HOLMES George Henry

Known information

There is a lonely memorial gravestone propped up against the wall in South Luffenham churchyard, and with it, a mystery. It is dedicated to George Henry Holmes who died in November 1914 on the other side of the world. But who was he, and what was his connection with South Luffenham? If you rub away the lichen you can make out some details, including his Navy number and that he was a muscian with the Royal Marines Band. He died on 1 November 1914, on board HMS Monmouth in the Battle of Coronel off the coast of Chile, a disastrous encounter for the Royal Navy early on in the First World War, after which his body was never found. What the memorial stone does not tell us is what link he had with South Luffenham, and who was so anxious for him to be remembered here in the churchyard. We have established George was born on 26 October 1880 in Madras in India. He first served in the Army for 11 years and later enlisted in the Royal Navy as a musician on 12 August 1908, aged 27. Three years later we know he was serving in China and the East Indies. He married Elizabeth, who was listed at an address in Boothman Road in York when he joined the Royal Navy and had moved to Ferndale Avenue in Devonport at the time of his death. Is Elizabeth the South Luffenham connection? Or is he somehow related to Sapper Harold Holmes, originally from South Luffenham, who also died in the war and is commemorated in the church at Braceborough, Lincolnshire? Although George is not on South Luffenham's war memorial inside the church, he is on Panel 6 of the Portsmouth Naval Memorial, and the School of Music Memorial in the city.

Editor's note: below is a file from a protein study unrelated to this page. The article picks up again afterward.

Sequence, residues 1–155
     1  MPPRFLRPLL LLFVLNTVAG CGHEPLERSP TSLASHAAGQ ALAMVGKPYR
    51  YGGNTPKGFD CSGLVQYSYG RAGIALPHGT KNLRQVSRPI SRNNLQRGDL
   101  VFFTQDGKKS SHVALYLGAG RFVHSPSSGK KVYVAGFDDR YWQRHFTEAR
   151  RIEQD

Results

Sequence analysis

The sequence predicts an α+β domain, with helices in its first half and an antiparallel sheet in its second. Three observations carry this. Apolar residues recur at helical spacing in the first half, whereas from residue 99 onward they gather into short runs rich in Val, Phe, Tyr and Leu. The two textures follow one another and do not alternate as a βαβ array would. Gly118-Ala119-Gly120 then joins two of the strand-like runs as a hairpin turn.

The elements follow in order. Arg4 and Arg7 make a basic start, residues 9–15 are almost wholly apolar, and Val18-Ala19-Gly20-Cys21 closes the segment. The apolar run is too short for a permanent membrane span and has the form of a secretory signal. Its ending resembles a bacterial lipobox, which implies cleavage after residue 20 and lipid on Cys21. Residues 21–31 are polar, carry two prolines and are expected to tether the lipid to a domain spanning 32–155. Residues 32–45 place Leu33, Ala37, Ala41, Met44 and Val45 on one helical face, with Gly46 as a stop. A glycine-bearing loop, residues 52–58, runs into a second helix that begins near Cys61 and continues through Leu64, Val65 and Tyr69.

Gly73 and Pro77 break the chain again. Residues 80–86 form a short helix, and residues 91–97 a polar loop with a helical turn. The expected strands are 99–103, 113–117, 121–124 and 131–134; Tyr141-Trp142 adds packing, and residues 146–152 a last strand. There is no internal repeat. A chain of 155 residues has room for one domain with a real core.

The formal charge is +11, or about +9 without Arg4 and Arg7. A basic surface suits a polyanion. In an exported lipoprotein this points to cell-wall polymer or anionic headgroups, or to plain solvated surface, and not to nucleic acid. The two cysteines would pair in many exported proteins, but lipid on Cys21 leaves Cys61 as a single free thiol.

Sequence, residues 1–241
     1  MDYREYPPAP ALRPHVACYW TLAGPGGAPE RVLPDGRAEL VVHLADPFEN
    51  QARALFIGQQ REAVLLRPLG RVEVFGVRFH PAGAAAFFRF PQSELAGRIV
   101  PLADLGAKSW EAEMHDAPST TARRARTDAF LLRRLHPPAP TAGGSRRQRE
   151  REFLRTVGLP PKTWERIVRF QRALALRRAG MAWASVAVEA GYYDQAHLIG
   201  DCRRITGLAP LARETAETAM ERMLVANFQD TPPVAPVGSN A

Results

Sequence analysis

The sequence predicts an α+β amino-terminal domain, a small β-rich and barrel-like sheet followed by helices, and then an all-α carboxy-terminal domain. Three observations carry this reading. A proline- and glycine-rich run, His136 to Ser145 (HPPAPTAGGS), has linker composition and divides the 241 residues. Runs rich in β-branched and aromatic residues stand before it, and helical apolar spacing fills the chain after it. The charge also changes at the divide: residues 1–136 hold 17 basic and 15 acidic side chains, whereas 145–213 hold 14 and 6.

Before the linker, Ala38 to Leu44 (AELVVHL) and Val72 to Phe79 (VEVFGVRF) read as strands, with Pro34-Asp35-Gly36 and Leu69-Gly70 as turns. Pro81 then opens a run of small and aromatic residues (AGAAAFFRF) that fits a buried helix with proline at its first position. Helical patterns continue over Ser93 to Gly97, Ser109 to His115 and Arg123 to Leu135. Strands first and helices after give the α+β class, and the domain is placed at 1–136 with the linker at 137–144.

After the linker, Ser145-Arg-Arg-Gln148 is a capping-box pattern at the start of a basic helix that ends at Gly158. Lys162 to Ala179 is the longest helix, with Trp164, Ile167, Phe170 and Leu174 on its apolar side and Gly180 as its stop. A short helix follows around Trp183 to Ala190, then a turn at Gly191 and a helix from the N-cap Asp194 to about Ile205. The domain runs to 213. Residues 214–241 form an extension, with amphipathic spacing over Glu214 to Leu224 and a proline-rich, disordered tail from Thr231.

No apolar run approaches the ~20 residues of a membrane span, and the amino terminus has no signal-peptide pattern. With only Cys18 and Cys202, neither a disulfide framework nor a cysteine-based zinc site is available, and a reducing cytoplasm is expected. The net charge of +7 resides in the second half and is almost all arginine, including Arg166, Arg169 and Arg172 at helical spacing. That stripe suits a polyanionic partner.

His memorial in South Luffenham churchyard reads:

In loving memory of


Musician No 1458

Who went down with the sinking

of HMS Monmouth

November 1 1914

Aged 33 years

The sea gave up the dead which were in it

                                                                     Rev. XX 13


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  • Portsmouth Naval Memorial 1
  • Portsmouth Naval Memorial 2
  • Panel 6
  • G H Holmes
  • Musicians' Memorial

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Rutland and The Battle of the Somme

More than 90 Rutland soldiers died in the Battle of the Somme which lasted from 1 July 1916 until the middle of November. Today they lie in cemeteries across the old battlefield in northern France or are remembered among the 72,000 names on the Thiepval Memorial to the Missing of the Somme. By using our interactive map, you can find out what happened to them.

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